I'm not saying banks or bankers are blameless souls – some of the marketing was desperately irresponsible – but really, if you're looking for someone to blame for the cuts and our problems, look in the mirror, or at your neighbour. This self-pitying narrative being built up over what happened does no one any favours, and is, frankly, infantile.

It's a poor show, Santander

If you want to get angry at the banks, do it over complaints handling. The Financial Services Authority revealed last week that 7,000 complaints a day are flooding into the banks.

Lloyds tops the league, but that's because it has the greatest number of current accounts. Where the figures get more interesting is when you look at the ratio of complaints to customers and the clear-up rate within eight weeks. And I'm afraid Spanish-owned Santander comes out appallingly in both instances. No fewer than 216,158 complaints were received by Santander in the first half of 2010, and it managed to clear up just 46 per cent in eight weeks. This is truly abysmal.

Since Santander took over Abbey it has been widely seen as having done a good job turning around a basket-case business, and picking up lots of new customers with attractive current and savings-account offers.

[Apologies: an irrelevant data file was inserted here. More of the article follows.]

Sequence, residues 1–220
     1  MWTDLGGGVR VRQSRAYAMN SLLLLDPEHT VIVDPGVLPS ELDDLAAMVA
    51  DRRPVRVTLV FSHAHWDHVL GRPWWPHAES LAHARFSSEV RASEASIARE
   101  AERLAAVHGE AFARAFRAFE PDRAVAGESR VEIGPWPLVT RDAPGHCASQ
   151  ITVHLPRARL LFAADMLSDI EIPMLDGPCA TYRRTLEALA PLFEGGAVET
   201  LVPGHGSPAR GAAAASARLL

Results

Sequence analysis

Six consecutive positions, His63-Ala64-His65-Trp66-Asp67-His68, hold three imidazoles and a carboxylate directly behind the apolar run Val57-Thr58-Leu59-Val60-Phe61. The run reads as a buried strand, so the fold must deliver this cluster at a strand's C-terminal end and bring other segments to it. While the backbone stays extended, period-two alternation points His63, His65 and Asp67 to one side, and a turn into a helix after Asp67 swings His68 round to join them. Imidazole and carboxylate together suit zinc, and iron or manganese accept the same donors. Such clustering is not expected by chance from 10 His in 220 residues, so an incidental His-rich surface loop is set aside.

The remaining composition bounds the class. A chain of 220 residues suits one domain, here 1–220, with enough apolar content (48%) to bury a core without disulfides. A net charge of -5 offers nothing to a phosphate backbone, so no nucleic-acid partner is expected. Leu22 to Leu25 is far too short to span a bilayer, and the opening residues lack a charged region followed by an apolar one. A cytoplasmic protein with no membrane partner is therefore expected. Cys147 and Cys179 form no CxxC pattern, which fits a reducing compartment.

However, the FSA figures show that in the dash for the new business, Santander has forgotten the fundamentals of customer service. The bank's director of service quality and complaints, Steve Williams (clearly a busy man), said in true PR fashion: "We are pleased the volume of complaints has decreased from the same time last year but know we need to do more. Improving service quality remains a priority."

What Mr Williams needs is the Santander directors to put some substantial resources into customer service – particularly with the integration of millions of Alliance & Leicester and RBS customers. It's pointless grabbing new business if you treat people so poorly.

Independent Partners; Do you need financial advice on your investments, pension or insurance? Book a free consultation with an independent Financial Adviser at VouchedFor.co.uk